Mexico’s president Andrés Manuel López Obrador is proposing a sweeping overhaul of the country’s election apparatus, in a move analysts said would damage democracy by handing his party greater control of the electoral system.

The proposed constitutional changes, which will be sent to Congress on Thursday, would dissolve the country’s national electoral institute (INE), which oversees the conduct of elections. If the bill is passed, INE would be replaced by a body that is directly elected but less well-funded.

The president also wants to cut public funding to political parties and loosen electoral propaganda rules, in moves critics said would be likely to benefit his party, Morena.

Since he was elected in 2018, López Obrador’s critics have feared he would move to try to stay in office beyond the one-term, six-year limit or concentrate power, although the highly popular president has said he will step aside in 2024.

“We have . . . the best electoral institute in the world,” said Juan Carlos Romero Hicks, a lawmaker with the opposition National Action party (PAN). “What they want to do now is change the rules and weaken the referee and control it.”

The opposition has signalled that it will not back the measure, which requires some of their votes to reach a two-thirds majority. The proposal increases pressure on INE and lawmakers, and is a signal of what the president could try to achieve through other means, such as budgets, appointments and secondary legislation.

The president’s party and its coalition partners have majorities in both houses of Congress and Morena is on track to hold more than half of regional governorships by the end of the year.

“There is no intention to impose a single party. What we want is for there to be an authentic, true democracy in the country and to end electoral fraud,” López Obrador said on Thursday.

Mexico had one-party rule for more than 70 years before the opposition PAN won in 2000. INE’s credibility has taken decades to build and it is now one of the most trusted institutions in the country, according to government statistics body INEGI.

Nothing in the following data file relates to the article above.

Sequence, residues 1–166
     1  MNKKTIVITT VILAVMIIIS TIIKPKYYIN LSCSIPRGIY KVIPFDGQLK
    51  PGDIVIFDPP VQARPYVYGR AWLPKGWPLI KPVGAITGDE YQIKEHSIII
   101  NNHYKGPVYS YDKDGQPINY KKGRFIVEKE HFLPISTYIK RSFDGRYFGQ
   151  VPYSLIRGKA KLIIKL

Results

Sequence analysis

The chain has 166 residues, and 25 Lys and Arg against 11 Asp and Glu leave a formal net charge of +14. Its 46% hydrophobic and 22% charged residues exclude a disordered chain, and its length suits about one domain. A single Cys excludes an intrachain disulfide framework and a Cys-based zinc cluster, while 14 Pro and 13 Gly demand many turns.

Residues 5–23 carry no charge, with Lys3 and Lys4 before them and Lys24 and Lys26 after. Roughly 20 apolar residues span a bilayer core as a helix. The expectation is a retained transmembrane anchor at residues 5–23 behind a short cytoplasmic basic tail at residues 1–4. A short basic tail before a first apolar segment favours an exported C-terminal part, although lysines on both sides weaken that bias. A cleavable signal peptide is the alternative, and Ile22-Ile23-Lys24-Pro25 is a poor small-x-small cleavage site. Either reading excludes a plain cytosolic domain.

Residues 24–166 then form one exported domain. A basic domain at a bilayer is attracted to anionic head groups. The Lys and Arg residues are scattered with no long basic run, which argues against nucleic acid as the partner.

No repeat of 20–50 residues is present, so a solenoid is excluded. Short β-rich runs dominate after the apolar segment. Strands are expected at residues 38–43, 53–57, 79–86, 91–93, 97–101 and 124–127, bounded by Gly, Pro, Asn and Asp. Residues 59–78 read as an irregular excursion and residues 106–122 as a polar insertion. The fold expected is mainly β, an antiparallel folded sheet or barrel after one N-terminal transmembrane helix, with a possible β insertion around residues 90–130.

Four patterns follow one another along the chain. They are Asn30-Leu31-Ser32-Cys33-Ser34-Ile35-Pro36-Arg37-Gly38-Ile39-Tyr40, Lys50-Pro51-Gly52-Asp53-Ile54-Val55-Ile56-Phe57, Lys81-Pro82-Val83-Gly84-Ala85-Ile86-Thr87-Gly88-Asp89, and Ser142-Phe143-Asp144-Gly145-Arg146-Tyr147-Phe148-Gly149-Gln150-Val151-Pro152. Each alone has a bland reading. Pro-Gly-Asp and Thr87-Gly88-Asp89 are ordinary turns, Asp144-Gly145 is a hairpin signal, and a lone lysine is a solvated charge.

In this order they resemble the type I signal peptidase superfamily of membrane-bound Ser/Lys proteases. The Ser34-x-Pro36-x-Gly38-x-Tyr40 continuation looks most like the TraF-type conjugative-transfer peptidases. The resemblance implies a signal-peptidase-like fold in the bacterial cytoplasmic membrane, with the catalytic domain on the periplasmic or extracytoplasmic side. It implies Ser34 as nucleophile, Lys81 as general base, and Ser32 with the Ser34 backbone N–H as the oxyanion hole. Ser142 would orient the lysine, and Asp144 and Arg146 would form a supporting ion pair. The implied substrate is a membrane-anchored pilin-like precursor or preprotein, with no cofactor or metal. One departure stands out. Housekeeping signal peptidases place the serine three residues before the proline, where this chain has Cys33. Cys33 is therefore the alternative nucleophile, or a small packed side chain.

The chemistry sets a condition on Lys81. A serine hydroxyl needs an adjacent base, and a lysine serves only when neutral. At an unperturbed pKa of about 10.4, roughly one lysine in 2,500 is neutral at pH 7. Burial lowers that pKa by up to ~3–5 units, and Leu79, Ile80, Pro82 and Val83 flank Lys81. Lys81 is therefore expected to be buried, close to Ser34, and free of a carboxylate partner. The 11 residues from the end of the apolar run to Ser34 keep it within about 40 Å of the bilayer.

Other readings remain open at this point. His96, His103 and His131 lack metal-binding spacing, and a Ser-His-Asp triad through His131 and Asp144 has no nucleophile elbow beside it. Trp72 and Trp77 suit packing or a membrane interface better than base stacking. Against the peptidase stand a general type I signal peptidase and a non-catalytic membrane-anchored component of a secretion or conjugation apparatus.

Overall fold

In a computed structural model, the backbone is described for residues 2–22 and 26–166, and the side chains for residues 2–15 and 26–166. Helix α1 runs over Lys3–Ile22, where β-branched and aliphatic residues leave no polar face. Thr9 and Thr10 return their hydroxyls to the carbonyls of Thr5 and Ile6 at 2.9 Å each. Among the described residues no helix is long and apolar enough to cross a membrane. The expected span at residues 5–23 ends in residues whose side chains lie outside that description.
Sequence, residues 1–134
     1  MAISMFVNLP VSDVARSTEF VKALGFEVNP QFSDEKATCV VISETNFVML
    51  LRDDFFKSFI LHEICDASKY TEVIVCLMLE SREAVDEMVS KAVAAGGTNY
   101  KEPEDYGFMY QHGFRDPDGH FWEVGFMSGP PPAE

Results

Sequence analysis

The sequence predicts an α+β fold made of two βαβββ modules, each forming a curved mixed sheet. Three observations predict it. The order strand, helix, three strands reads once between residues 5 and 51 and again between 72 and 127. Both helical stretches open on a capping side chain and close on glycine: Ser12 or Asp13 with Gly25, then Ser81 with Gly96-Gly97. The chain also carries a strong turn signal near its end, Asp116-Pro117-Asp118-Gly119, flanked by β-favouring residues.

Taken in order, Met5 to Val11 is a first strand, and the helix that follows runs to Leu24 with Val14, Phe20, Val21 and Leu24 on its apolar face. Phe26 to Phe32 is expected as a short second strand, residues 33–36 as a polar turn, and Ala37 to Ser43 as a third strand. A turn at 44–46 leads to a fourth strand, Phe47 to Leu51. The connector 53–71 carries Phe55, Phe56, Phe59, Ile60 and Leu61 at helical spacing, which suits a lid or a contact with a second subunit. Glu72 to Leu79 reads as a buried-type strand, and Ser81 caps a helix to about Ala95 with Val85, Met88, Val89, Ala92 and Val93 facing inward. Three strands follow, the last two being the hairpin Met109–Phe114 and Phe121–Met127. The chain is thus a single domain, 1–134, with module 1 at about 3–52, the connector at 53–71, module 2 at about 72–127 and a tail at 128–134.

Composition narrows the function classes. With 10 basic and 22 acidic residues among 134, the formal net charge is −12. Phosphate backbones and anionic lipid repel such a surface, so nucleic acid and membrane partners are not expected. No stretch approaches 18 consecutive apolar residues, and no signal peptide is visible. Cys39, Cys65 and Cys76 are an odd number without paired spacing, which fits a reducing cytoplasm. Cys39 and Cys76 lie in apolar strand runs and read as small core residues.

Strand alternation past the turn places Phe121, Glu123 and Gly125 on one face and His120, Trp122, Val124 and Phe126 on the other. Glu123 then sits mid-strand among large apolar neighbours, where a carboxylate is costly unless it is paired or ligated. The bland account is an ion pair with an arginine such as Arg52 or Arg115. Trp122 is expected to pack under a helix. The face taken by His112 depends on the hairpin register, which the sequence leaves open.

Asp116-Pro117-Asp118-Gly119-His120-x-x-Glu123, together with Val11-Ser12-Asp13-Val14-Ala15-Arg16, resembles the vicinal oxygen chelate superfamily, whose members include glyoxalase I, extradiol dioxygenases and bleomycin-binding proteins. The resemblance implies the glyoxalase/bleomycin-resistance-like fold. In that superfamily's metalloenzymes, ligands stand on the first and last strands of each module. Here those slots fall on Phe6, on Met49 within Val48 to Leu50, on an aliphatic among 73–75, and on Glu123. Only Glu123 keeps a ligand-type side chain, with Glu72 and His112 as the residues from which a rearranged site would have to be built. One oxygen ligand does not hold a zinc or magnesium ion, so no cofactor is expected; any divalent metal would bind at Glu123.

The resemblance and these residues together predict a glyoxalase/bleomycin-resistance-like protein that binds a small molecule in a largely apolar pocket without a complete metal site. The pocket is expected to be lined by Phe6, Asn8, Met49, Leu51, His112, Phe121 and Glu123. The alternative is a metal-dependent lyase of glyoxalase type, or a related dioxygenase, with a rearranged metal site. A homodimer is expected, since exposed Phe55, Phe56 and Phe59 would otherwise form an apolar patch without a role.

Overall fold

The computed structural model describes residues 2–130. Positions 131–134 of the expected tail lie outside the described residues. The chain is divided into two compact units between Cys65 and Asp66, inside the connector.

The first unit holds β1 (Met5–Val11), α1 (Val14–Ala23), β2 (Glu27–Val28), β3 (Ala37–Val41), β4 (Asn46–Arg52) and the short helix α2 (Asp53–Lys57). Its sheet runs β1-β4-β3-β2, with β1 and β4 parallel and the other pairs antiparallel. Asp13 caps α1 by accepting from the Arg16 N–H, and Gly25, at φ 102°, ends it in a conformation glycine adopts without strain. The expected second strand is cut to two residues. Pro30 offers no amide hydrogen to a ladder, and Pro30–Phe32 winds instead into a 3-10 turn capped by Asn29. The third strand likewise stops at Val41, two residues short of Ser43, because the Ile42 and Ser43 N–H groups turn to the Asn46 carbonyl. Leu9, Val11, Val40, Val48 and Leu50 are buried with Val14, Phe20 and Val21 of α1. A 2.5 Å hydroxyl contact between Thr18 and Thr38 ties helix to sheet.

López Obrador’s criticism of the electoral authority dates back to the 2006 presidential election, when he narrowly lost and claimed there had been fraud.

“His obsessions with his electoral defeat in 2006 taints many of his policies,” Arturo Sarukhán, a former Mexican ambassador to the US.

The government claimed the measure, which also slashes the number of federal and local lawmakers, would create more than $1bn in savings that could be spent on social programmes and infrastructure.

Mexico’s one-party legacy means the election system is expensive to maintain because it requires tough controls on federal government, said Jeffrey Weldon, a politics professor at ITAM university.

“He [the president] doesn’t like those kinds of controls,” Weldon said. “He doesn’t like other people making more money than he does or spending more money than he thinks they should spend, so he’s reducing it to something very, very small,” he said.

Under the proposal, INE would be replaced by the National Institute of Elections and Consultations (INEC). Board members and electoral tribunal magistrates would be chosen by popular vote.

Mexico’s opposition has said the president’s preference for direct democracy, including a recent recall referendum on his position, benefits the incumbent and allows him to reinforce his will through unnecessary low turnout votes.

The bill comes at a tense moment in Mexican politics, a week after lawmakers rejected an energy reform proposal that worried the private sector and US government. Morena has threatened criminal complaints against opposition deputies who voted it down.

Additional reporting by Michael Stott in London

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